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Voters discuss candidates, issues on Preliminary Municipal Election Day

Vote Here sign
A “Vote Here” sign at the 24 Cummington Mall polling site. Voters across the city of Boston shared their thoughts on the candidates, issues at hand and the importance of local voting for this year’s Preliminary Municipal Election. LUWA YIN/ DAILY FREE PRESS STAFF

As the Boston Preliminary Municipal Election commenced Tuesday, voters across the city expressed their opinions about the candidates, important issues and the voting process.

There were eight candidates on the ballot: City Councilors Michelle Wu, Annissa Essaibi George and Andrea Campbell, acting Mayor Kim Janey, former city chief of economic development John Barros, retired Boston Police Officer Robert Cappucci, North End resident Richard Spagnuolo and State Rep. Jon Santiago, D-Mass., who dropped out last month.

Back Bay resident Faith Cuenin said this was an important election and suggested several issues Boston should focus on as the city decides its new leadership.

“I think the city faces a lot of challenges in terms of education, housing,” she said. “It’s a pivotal election.”

She added that while difficult to narrow down, housing and the Mass/Cass public health crisis are major problems to be addressed by the new mayor. 

Cuenin also stated the importance of showing up to preliminary municipal elections.  

“The preliminary election drives the November election,” she said, “and I’m a resident of the city, and I want to participate in the voting process.”

Retired Back Bay resident Bill Bulkeley said the preliminary election is important because it could help his preferred candidate reach the actual Mayoral election on Nov. 2.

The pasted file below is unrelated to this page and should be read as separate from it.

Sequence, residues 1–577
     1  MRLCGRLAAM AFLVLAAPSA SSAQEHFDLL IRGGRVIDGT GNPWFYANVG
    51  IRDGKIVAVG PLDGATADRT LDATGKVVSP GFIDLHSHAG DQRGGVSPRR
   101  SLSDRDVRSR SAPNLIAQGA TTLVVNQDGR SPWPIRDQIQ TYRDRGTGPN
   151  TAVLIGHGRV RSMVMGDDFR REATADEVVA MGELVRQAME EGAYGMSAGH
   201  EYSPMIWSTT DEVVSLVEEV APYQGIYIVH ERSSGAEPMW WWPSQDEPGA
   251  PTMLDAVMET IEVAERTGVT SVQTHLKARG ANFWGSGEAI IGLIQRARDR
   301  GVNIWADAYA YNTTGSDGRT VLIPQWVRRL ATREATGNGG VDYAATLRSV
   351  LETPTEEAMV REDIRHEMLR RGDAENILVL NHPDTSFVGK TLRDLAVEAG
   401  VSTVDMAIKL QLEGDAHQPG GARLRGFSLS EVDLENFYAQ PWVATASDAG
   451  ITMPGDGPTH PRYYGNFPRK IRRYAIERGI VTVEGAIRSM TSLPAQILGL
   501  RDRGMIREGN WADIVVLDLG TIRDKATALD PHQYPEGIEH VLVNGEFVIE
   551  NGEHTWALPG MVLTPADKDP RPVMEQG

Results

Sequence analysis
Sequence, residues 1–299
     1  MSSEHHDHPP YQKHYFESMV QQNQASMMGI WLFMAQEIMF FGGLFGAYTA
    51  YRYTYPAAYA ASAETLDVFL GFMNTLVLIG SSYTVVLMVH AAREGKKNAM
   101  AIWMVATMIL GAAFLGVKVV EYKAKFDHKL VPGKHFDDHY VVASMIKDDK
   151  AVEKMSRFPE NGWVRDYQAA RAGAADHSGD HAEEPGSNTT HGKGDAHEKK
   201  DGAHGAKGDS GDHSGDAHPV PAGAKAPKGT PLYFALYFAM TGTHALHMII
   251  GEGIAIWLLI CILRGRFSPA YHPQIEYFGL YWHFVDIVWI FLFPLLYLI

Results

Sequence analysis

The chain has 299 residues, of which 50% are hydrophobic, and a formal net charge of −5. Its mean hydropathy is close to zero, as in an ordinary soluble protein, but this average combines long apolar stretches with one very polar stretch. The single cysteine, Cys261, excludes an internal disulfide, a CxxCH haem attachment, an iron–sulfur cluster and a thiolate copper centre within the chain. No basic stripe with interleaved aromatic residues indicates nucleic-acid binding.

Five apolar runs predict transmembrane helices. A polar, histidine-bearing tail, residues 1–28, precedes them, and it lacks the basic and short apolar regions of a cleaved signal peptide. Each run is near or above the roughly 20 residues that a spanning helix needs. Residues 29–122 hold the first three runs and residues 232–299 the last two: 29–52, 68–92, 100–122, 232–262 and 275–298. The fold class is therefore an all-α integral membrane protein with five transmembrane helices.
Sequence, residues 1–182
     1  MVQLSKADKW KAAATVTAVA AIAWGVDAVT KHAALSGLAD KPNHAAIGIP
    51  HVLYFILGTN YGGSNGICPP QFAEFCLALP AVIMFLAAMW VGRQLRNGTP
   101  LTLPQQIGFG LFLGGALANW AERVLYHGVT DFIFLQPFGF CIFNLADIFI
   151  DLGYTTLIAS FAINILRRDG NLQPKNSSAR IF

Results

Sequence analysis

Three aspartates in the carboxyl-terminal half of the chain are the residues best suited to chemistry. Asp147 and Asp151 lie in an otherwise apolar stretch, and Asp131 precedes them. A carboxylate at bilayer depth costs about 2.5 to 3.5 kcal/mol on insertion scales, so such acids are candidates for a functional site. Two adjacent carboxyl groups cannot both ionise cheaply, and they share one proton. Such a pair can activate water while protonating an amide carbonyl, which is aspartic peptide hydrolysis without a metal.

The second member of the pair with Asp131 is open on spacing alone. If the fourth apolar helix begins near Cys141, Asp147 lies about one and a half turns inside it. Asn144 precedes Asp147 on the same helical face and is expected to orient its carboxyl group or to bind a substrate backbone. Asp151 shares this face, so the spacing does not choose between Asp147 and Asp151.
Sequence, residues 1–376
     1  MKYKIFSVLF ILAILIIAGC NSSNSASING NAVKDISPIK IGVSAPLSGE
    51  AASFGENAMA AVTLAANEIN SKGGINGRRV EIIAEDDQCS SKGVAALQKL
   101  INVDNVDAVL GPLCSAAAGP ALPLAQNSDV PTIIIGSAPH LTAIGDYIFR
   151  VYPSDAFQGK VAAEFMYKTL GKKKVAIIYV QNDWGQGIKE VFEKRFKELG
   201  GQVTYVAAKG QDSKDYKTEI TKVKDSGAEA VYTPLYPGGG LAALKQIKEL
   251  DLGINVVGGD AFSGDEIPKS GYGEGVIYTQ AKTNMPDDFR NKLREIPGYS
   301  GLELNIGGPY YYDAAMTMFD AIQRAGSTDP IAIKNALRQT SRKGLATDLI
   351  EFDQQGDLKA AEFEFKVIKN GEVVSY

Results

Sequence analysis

“We’ve got great choices,”  Bulkeley said, “very interesting election.”

Bulkeley said he supported Campbell in this election because of her stance on police reform. 

“I think that Andrea Campbell has shown the most willingness of any of the candidates to stand up to the police union and the police hierarchy,” he said. 

Liz Stetson, a landscape architect living in Jamaica Plain, said she voted for Wu. 

“I liked what she had to say about gentrification and affordable housing, as well as climate issues,” Stetson said, “Those are some of the most important for me.”

Guthrie Kuckes, a senior in the College of Arts and Sciences at BU, said that while he approved of the fact that his preferred candidate for mayor pledged to build more addiction treatment centers, he wasn’t fully satisfied with the candidates’ environmental policies.

He added that he hopes the new mayor will develop a plan to transition the city into becoming carbon neutral by 2030.

“I’m not sure I found a candidate who was as strong in environmental message as I would like,” he said. “That is probably the most important issue to me.”  

Kuckes touched on the importance of voting in the city council races in addition to the mayoral race. He cited the 2019 City Council race in which Councilwoman Julia Mejia won her election by a single vote as an example.

“To me, the city council races are important because so few people vote, you have a large opportunity to make a difference,” Kuckes said. 

Alexandra Dowd contributed to the reporting of this article. 






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